Monday, July 1, 2013
Dealing with Mormon Missionaries...the Christian Way
If you're a Christian, and you think things like right belief are important, you might invite them in, and start a conversation about all the differences between your theological traditions.
Often, in fact, this last is recommended by those in the business of "anti-cult" ministry, who see things like visits from Mormon missionaries as opportunities for "reverse evangelism," if you will. One needn't look too hard to find all sorts of recommendations on how to handle such encounters. Things like "What to say to Mormons when they come to your door," or "10 questions to ask Mormons," or "3 Bible verses to bring up with Mormon missionaries."
The assumption, of course, is that the proper way to approach the situation is to get into a doctrinal dispute. Sure, these folks will sometimes recommend that you be polite or tactful or do it in "love," but the goal is the same: do everything you can to make the missionaries doubt their faith, and move towards your own.
I used to think this way, too. In fact, I relished any opportunity to engage in theological tit-for-tat with someone of another doctrinal persuasion, confident as I was of my argumentative skills. I once even chased down a pair of Mormon missionaries to set up a time to talk. During the conversation, which lasted several hours, I actually made one of them cry. I later bragged about it. It makes me sick to think about.
This just isn't the way that Jesus approached people He was trying to win. If they cried around Him, it was because they saw that He didn't judge them (Luke 7:36-50), or because of their own failure to merit His affection (Luke 22:61-62). It was always related to His overwhelming love. It was never because He had cornered them on some subtle theological point.*
I am told that one of the main reasons the Mormon church has such a large and organized missionary base, and why missionaries are sent at the age they are (most are about 20), is for the personal spiritual growth of the missionaries themselves. This is not to say that the church isn't really interested in expansion, merely that they recognize that everyone's faith must be tested, and that an extended period of wrestling with and sharing one's faith at a formative time of life is extremely effective at solidifying one's convictions.
In light of this, I suggest that the most Christian means of response ("Christian" does, after all, mean "like Jesus") to Mormon missionaries (and others) is to meet them on their own terms. Instead of picking a fight, or trying to get them to backpedal, or to admit to some shady piece of their religious history, we might try helping them along in their endeavor. We could get on board with their own church's goal of personal spiritual formation, and seek to minister to these missionaries. After all, there are probably plenty of other hard-nosed evangelicals trying to make life difficult for them. Why not be a source of comfort and encouragement instead? I suspect that this will go much farther toward bringing them closer to Jesus than any argument.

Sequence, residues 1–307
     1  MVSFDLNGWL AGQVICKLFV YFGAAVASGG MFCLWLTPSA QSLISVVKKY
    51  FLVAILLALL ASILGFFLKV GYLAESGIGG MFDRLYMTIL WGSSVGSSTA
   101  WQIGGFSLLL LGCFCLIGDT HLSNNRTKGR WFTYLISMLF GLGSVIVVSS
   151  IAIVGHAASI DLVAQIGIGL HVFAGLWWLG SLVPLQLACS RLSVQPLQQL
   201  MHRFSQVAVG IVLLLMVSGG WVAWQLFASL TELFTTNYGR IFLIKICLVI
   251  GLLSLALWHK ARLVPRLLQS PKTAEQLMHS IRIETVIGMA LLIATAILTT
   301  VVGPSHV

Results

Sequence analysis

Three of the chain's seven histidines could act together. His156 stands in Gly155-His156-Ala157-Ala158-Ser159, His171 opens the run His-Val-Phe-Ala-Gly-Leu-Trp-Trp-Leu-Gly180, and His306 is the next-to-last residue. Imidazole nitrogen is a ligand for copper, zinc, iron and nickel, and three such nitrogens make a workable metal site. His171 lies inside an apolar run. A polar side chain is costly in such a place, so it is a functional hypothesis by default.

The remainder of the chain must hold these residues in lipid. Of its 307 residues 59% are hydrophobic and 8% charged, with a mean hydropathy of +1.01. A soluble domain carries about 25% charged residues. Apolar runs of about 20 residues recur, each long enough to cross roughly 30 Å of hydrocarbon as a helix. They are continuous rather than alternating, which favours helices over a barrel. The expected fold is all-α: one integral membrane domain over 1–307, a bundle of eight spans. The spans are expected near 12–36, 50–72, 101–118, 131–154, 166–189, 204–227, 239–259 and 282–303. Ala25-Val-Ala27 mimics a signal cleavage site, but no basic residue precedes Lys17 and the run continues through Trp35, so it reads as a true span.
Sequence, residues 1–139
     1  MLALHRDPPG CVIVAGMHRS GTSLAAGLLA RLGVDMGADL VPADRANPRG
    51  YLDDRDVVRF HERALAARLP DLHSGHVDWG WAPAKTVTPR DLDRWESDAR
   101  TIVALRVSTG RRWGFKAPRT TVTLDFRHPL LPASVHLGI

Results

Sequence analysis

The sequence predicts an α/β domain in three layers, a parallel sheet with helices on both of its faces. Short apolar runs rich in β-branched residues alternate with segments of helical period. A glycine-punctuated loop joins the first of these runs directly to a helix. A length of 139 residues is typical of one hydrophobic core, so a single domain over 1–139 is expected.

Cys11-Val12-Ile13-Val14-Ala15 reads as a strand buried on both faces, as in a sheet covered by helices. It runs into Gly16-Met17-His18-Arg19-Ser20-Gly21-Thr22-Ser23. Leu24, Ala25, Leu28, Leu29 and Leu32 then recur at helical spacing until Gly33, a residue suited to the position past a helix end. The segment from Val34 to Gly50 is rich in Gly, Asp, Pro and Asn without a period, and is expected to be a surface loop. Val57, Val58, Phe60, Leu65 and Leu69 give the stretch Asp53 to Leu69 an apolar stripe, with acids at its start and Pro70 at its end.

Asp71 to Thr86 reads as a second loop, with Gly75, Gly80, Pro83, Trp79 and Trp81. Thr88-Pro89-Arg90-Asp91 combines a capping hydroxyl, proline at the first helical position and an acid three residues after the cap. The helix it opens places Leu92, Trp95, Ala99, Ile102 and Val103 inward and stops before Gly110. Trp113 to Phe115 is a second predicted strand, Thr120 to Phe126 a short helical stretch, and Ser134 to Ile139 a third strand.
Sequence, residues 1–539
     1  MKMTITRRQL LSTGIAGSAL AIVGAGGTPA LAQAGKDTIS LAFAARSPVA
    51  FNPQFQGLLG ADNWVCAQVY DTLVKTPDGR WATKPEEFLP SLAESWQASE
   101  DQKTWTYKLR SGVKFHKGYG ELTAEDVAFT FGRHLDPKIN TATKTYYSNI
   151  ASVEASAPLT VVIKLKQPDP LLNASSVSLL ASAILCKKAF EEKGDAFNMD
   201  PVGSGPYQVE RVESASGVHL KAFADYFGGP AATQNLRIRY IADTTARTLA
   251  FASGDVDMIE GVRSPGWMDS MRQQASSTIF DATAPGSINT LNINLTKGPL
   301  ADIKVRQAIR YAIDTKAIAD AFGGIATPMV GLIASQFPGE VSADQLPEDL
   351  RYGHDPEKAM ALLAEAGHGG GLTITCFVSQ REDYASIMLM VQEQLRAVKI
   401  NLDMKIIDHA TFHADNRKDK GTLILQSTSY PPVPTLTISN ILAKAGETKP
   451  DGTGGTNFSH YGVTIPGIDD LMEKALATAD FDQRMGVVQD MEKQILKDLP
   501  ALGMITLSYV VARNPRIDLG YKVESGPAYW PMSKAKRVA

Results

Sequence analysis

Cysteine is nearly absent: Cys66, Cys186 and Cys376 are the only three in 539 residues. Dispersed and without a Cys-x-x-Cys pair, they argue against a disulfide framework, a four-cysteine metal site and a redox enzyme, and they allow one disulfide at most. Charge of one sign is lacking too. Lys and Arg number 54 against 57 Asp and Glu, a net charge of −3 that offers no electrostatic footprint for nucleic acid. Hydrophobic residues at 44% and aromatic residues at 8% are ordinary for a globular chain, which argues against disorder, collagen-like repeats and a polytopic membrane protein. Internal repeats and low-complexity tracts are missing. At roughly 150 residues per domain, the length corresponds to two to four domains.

What's more, you can't have it both ways. It is tempting to think that we can still confront their errant beliefs while being compassionate and tender. And in some contexts, we surely can. But so long as we make what they believe our primary concern, rather than Who they know, we betray our true motives. We prove by our conduct that we are more concerned with whether they agree with us than with what's actually important to them, and might have potential to make them more Christlike.
Imagine how these encounters could be transformed if our perspective was, "How can I serve these people?" "How can I encourage them in the things we do agree on?" "How can I assist them in what must be a trying period of life?" "How can I pray for them?" "How can I learn from them?"
Give it a shot, and see if God doesn't show up and do something cool. I wish I had.
* Though He was not afraid to do this as well. The catch, however, is that it was always with those who already claimed to know God, and always with the purpose of moving them towards a more genuine relationship with Him. Thus, in His frequent disputes with the religious leaders, He often cornered them both with their desire to remain consistent within their own theological assumptions (Matt. 22:41-46), and with His ability to cut through their false motives to the root of their issue (Luke 10:25-37). The Pharisees are not analogous to Mormons because the Pharisees were the "keepers of the law," the interpreters of what counted as "orthodox." It is very likely that their theology and Jesus' were actually quite similar. Their problem was in sacrificing the "spirit" of the law for its form. A more accurate contemporary comparison would be to evangelicals, and particularly the "anti-cult" folks themselves. The Pharisees were the "heresy hunters" of their day. Significantly, whoever the heretical groups of the time were, we don't find Jesus engaging them on doctrinal matters.
This work is licensed under a Creative Commons Attribution-NonCommercial-NoDerivs 2.5 Generic License.